Wine in Myanmar is developing

Jan 09, 2014 No Comments by

Wine in Myanmar is developing

In Myanmar, the area of Red Mountain in Shan State, has become an attraction for foreign intrigued to find this drink in the area. “Everyone is surprised to see a vineyard here in the middle of Burma, with modern equipment,” says François Raynal, winemaker who has been working in the field for ten years. Today, Red Mountain produces nearly 120,000 bottles per year, sold about 10,000 kyat piece (8.5 euros). Now the vineyards of Red Mountain have become a real tourist attraction.

It is a German that introduced the first Burmese vineyard Aythaya (Pinot Noir, Sauvignon Blanc). Arrived in Burma in 1989 to export rice, according to AFP, Bert Morsbach turned to the vineyards after the confiscation of his case by a minister. In 1998, he planted 4,000 vines imported from France in Karenni Stat , but the government prevented him from caring for his farm because of a conflict between the army and rebel Karenni . “This was my first experience of wine (…) . I liked it so much that I tried again” in Shan State, he says. Hans Leiendecker , director of field operations Aythaya , hopes to sell 200,000 bottles in 2013.

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A product of the Region

But the challenge of the Burmese viticulture is also geographical. Despite a very fertile land, the tropical climate and relatively short days during the period of budding, in June-July, limit the number of varieties cultivated. Not to mention mushrooms, which “often grow better grapes,” says Leiendecker. On the misty hills of Shan State, the vineyard enjoys mild revenge with an altitude of 1100 meters temperatures. “It’s cold, giving the flavors which wine needs, especially for white,” insists the German.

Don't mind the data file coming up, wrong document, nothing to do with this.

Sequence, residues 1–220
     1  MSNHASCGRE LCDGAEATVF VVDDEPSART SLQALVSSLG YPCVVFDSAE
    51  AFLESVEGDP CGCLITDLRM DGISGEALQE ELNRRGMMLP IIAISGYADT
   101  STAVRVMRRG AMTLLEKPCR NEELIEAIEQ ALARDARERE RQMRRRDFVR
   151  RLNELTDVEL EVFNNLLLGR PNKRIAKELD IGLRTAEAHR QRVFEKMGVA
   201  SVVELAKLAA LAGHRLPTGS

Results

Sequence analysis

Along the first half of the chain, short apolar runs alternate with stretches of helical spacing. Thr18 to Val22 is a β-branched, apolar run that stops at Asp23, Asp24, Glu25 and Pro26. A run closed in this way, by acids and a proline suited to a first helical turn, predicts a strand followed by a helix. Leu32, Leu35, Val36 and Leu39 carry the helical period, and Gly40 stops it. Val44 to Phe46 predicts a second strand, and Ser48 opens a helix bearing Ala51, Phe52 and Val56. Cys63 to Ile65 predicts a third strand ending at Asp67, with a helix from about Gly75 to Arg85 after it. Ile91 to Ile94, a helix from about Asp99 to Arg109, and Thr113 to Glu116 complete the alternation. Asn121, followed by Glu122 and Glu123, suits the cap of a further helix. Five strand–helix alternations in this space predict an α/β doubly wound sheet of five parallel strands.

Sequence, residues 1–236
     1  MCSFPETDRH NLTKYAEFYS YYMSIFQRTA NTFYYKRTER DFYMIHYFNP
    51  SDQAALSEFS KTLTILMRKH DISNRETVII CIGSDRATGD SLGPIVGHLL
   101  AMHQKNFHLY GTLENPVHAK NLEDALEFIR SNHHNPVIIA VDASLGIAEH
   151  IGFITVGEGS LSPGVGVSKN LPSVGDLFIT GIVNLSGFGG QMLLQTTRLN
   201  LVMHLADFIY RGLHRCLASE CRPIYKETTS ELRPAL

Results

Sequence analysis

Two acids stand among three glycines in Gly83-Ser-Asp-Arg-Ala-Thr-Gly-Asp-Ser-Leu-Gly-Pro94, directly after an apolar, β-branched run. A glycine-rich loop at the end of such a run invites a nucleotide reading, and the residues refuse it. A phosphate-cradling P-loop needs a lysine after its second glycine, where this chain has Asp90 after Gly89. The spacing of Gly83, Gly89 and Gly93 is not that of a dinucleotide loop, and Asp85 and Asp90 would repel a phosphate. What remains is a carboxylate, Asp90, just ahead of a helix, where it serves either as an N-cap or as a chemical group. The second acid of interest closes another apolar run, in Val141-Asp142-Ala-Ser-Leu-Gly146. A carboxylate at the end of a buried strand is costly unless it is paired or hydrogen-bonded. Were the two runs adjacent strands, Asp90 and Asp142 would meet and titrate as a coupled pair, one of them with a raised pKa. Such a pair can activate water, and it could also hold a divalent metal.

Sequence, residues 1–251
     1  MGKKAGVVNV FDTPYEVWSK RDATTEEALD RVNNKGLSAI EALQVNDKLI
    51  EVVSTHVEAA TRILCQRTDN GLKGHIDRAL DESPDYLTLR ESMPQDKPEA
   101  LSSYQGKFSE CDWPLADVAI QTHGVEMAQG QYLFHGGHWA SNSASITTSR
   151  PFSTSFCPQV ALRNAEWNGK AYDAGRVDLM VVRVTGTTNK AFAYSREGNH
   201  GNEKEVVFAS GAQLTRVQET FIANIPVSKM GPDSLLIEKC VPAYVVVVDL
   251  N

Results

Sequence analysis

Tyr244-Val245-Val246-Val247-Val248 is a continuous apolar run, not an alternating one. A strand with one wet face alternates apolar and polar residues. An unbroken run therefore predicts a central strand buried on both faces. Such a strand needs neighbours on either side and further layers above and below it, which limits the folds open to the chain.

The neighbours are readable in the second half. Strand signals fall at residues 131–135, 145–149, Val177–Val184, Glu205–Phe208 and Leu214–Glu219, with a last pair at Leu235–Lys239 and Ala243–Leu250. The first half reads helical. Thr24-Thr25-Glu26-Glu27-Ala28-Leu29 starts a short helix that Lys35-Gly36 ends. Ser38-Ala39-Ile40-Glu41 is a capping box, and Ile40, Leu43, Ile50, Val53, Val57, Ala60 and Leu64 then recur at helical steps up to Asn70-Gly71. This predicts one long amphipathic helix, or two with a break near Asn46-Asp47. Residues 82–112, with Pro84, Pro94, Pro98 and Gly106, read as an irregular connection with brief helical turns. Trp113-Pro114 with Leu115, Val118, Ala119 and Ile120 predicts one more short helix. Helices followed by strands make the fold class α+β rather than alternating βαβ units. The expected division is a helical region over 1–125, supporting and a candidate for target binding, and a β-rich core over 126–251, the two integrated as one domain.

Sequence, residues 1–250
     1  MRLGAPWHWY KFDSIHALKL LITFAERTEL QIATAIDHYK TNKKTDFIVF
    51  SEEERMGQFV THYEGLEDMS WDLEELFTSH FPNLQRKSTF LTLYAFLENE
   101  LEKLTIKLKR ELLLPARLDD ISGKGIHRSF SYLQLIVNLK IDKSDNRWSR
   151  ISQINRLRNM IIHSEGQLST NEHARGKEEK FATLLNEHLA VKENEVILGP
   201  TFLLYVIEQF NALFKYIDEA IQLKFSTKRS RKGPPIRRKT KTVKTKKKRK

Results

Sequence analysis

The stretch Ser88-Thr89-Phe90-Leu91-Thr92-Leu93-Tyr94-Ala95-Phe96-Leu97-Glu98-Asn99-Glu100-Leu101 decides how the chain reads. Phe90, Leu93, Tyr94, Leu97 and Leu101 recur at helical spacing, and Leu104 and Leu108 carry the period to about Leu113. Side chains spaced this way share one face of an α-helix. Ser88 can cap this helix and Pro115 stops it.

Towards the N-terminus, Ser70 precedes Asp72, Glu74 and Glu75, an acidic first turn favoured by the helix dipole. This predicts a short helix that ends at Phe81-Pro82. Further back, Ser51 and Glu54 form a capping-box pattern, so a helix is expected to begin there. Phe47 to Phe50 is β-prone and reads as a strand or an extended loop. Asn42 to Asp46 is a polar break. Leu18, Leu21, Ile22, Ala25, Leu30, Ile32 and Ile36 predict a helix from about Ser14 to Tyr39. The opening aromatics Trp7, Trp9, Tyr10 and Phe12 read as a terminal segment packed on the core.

The winemakers of Burma should “experiment” to hope to develop in the footsteps of China, Thailand and India, who also tried it, says Denis Gastin, Asian wine specialist. According to him, the success of pioneers has encouraged the emergence of smaller farms. The development of local wine is also interesting for restaurants in the region. “We are pleased to offer a product of our land, and a quality product. This is a fantastic wine,” says Yin Myo Su, who heads the Inle Princess.

In fact, a question remains: the Burmese wine is it good? Denis Gastin was “very impressed” by the Red Mountain range, especially the Pinot Noir and Sauvignon Blanc.


The development of tourism will have an impact

In Shan State, foreign visitors are so intrigued anyway, that they make a detour to the Red Mountain area.

Moreover, opening reforms of the government since 2011 helped to raise the profile of Myanmar tourism. Foreign tourists are back, exploding literally the capacity of the hotel sector.

We can thus think that the development of tourism in Burma will surely enable the development of Burmese wine market, more and more people discovering this product.

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